We just recently put the file up on the rss feed for everyone to have, and we have the 186.13mb file download for those who don’t have RSS or can’t get RSS to work.

Now, let’s get on with the show notes for today’s program, which lasts a little over 3 hours in length.

I hope that you enjoy the program and thanks so much for listening!

Welcome to podcast 106 of the Security Box. No, we’re not covering animals, but there is a new term called Pig Butchering that is now out there.

According to the article, it seems to be covering a lot of varying scams which may include Crypto, romance, and investment just to name a few.

Don’t let me tell you about it in the show notes, the article is titled Massive Losses Define Epidemic of ‘Pig Butchering’ and it comes from our buddy Brian Krebs.

Besides that, we’ll go through the blog, we’ll see what other things participents want covered, and maybe we’ll answer any questions that might come across.

Thanks so much for listening and make it a great day!

Just as a side note, we did blog the article in a prior blog post, but we always link where we can. Thanks again, and we’ll be back next week!

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13 more bad cleaning apps for Android users to know about

After taking the rest of the day off after the taping of the show and getting much needed sleep, we’re here with an article I spotted yesterday and is in the newsletter for today, talking about 13 more applications that could potentially be a problem.

That makes the total number of apps since this series started at 146, that is, if we did all of the math correctly during yesterday’s program.

The Komando team categorized these apps, but all are agressive malware hiders and add popup apps.

Want to read all about them? 13 dangerous apps that pretend to clean your phone’s files is the name of the article, and as predicted we weren’t done.

To be honest, I’m glad this research is being done. It protects all users of the operating system, so this is something I think we should be praising.

Heard of any of these apps? Get to it! Let the deleting begin.

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Getting lots of spam texts, here’s the story behind that

Must be time to go through email, because I see Kims newsletter and it is talking about Spam texts.

I’ve followed a few links to see where they’ve gone, but recently quit doing that and for good reason.

While the texts I’ve gotten seemed harmless, you never know where the links are going, so if its something you’re not expecting, than just kill it and don’t click that link.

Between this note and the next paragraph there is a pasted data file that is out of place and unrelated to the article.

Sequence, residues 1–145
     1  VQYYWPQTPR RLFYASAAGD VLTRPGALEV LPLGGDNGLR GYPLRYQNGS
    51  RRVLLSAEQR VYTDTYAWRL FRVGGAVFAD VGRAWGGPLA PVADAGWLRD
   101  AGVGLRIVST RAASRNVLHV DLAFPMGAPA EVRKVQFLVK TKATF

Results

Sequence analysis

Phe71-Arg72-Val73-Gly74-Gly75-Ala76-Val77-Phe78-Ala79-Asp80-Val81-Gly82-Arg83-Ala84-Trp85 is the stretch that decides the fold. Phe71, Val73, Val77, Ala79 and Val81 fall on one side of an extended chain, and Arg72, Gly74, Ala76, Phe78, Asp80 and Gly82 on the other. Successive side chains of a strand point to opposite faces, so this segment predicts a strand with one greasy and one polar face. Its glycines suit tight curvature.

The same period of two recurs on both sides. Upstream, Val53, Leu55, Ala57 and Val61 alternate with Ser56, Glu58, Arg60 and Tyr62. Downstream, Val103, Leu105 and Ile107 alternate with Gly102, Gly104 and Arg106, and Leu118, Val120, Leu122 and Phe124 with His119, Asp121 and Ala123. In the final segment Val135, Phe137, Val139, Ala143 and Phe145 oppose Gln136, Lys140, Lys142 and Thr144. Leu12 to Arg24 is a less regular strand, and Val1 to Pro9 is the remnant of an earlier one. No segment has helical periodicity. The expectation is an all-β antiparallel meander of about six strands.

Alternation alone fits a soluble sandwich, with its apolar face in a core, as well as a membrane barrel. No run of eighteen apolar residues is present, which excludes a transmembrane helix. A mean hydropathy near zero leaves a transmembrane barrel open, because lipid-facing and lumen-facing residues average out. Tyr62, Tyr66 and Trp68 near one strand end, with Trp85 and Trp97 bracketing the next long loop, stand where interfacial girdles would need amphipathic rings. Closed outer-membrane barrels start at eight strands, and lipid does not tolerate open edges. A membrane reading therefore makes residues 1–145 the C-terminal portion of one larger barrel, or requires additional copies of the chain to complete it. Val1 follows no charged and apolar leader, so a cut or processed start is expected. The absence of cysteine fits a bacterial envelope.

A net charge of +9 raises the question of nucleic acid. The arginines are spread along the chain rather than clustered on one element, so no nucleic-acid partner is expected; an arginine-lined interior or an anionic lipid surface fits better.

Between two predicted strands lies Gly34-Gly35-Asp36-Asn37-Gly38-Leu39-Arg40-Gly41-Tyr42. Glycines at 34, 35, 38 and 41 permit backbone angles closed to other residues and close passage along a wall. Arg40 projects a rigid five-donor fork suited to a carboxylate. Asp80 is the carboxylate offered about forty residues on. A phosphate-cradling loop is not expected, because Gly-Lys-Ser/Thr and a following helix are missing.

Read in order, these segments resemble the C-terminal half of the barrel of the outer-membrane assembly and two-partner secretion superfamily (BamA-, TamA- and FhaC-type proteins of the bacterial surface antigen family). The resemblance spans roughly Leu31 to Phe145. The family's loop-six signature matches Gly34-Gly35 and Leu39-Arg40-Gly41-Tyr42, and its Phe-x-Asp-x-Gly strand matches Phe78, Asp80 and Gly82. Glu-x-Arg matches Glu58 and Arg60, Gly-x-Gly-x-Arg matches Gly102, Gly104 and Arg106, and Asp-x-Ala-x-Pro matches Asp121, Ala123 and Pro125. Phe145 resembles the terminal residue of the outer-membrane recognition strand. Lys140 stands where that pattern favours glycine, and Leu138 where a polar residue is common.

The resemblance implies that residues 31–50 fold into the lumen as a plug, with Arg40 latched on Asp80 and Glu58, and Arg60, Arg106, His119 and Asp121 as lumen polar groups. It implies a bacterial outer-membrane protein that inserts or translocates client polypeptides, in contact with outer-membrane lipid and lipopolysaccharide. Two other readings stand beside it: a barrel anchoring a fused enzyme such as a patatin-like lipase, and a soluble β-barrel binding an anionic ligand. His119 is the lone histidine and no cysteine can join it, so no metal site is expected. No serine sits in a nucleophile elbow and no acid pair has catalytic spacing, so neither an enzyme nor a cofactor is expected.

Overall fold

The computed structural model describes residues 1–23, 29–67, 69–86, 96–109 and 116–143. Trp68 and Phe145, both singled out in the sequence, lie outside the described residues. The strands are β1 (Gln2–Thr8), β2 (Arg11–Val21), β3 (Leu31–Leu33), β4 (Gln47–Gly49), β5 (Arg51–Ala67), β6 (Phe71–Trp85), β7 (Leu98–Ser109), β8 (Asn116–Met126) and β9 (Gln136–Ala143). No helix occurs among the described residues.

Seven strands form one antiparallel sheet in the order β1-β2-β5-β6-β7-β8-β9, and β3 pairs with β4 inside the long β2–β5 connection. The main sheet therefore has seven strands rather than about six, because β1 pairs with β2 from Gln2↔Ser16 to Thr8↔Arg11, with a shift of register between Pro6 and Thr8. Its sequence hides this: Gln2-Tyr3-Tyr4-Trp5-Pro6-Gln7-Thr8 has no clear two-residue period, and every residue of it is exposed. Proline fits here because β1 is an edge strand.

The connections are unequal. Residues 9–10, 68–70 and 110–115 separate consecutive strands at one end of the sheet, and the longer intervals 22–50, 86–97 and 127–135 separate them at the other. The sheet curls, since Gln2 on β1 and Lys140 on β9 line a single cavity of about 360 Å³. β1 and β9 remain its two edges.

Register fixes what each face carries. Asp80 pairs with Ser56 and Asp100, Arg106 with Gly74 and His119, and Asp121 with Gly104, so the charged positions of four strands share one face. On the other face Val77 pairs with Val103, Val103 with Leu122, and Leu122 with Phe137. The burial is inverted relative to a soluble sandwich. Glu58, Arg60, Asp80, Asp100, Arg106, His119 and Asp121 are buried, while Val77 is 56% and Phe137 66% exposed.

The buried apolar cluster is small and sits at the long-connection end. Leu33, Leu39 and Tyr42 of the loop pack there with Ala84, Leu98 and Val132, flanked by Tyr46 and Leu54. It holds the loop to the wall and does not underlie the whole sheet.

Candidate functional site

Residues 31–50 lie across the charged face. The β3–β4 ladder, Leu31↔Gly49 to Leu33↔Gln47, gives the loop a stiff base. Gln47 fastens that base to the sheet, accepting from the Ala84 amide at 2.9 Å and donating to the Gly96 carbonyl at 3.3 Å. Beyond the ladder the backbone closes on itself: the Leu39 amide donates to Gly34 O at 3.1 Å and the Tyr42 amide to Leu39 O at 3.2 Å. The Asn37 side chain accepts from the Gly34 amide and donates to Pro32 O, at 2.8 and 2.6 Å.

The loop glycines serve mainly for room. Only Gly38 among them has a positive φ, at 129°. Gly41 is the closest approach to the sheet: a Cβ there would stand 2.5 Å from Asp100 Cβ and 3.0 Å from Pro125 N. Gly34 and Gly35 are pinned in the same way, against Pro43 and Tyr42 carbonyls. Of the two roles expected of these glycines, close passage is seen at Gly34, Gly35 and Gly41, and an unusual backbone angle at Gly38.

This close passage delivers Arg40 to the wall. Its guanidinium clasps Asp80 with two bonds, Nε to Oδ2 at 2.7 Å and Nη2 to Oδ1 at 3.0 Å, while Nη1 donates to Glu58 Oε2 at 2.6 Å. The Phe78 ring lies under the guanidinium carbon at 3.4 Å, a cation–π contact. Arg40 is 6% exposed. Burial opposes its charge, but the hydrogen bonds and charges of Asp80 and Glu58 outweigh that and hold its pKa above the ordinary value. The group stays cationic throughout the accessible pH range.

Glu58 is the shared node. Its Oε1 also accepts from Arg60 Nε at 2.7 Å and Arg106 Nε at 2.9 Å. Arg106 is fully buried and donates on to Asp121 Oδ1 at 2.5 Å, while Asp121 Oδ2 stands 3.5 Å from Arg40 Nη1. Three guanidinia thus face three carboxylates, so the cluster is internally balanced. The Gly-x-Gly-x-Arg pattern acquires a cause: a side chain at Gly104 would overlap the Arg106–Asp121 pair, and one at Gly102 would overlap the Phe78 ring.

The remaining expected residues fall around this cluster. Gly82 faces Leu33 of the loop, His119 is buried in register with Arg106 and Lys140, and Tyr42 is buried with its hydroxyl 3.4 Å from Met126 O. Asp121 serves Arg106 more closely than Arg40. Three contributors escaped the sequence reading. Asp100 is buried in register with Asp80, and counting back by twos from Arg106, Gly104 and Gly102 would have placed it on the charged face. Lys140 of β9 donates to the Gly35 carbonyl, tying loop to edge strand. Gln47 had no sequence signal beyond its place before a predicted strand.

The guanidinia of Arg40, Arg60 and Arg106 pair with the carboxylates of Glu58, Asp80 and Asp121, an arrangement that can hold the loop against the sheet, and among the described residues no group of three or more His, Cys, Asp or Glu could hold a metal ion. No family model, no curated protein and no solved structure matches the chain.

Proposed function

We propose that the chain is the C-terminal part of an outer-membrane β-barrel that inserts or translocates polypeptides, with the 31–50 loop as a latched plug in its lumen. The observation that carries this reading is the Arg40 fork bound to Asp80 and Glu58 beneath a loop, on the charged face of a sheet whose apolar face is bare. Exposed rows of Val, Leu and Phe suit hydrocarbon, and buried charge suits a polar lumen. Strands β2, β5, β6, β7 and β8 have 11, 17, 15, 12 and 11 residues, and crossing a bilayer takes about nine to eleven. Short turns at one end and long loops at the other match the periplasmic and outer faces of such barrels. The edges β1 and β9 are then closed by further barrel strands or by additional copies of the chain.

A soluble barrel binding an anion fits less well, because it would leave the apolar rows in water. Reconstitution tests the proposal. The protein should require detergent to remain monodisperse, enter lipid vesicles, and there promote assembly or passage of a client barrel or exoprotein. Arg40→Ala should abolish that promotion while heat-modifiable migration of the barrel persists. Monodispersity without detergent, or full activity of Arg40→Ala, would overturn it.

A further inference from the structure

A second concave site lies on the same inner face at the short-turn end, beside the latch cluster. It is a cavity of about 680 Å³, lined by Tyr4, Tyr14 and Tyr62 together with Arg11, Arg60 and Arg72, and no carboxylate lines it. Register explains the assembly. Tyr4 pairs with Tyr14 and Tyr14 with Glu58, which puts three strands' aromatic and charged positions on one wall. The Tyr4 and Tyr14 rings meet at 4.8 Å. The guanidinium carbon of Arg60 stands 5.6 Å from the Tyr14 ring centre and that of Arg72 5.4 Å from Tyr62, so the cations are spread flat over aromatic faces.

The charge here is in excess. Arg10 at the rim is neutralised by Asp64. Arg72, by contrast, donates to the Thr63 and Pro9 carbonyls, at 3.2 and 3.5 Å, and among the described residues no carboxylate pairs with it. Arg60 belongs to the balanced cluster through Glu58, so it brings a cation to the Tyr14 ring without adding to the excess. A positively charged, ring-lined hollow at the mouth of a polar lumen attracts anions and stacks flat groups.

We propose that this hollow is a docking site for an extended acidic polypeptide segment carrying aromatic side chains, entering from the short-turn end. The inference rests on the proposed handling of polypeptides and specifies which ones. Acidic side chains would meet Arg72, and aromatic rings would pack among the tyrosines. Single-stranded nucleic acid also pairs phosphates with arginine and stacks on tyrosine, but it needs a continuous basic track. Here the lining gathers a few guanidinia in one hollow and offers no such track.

The Kim Komando article is titled Spam texts never end! 5 sure signs to delete that message which has images and samples of texts and descriptions to help us.

I’ve probably seen a good number of these through the last few years, but it doesn’t surprise me that it is getting worse.

Stay safe!

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3 phone scams, Nick said he’s seen one of these. Do you know which one? No hints!

I was calling Nick today, so maybe this was a cooincident? I called to ask about our upcoming show, and he was telling me about one of these three scams going around by phone.

Here is the list which is in headings in the article.

  • 1. Jury duty scam
  • 2. Police department’s number on the caller ID and
  • 3. Impersonating police officer scam

Guess which one Nick told me about? I’m not giving any clues.

3 phone scams spreading now you should know about

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I’ve turned on the privacy report, here’s how it works

Hello folks,

I am reading some of Komando’s newsletter and realizing there’s good info here.

The hidden privacy report in your phone you should start checking is an article that talks about something that I never knew. We could see what apps access what, which might be interesting, as well as reminding us that we can tell apps not to use something if you feel it doesn’t need it.

I believe there are instructions for Android too. I’d read this no matter what platform you use so you can learn about what is offered and you can share with your friends and family.

Thanks so much for reading!

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Are you all sitting down? 17 more Android apps to remove

We’ve been blogging Kim Komando’s articles on softwqare not to use on your Android phone. Nick and I counted at least 100 of them, and now, we have a brand new list from Komando which has 17 more.

17 MORE dangerous Android apps spotted – Delete these now is the latest article in these ongoing issues to Android.

I’m not saying IOS is better, as there may also be malicious apps, but Android is an open product and with it, programs that might bypass the bouncer as it works as describes itself to be.

Here’s the list.

  • 1 . Call Recorder APK — com.caduta.aisevsk
  • 2 . Rooster VPN — com.vpntool.androidweb
  • 3 . Super Cleaner- hyper & smart — com.j2ca.callrecorder
  • 4 . Document Scanner – PDF Creator — com.codeword.docscann
  • 5 . Universal Saver Pro — com.virtualapps.universalsaver
  • 6 . Eagle photo editor — com.techmediapro.photoediting
  • 7 . Call recorder pro+ — com.chestudio.callrecorder
  • 8 . Extra Cleaner — com.casualplay.leadbro